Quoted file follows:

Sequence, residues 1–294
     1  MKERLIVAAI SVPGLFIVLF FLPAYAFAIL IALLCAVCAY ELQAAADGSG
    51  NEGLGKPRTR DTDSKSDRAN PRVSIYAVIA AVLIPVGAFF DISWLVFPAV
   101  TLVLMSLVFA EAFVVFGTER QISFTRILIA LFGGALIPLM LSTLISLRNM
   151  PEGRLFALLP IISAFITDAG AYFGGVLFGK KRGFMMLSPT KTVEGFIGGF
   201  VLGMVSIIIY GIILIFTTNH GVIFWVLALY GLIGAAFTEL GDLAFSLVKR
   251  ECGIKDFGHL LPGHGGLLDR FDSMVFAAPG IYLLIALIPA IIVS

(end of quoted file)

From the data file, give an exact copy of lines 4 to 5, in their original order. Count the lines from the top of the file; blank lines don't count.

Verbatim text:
   101  TLVLMSLVFA EAFVVFGTER QISFTRILIA LFGGALIPLM LSTLISLRNM
   151  PEGRLFALLP IISAFITDAG AYFGGVLFGK KRGFMMLSPT KTVEGFIGGF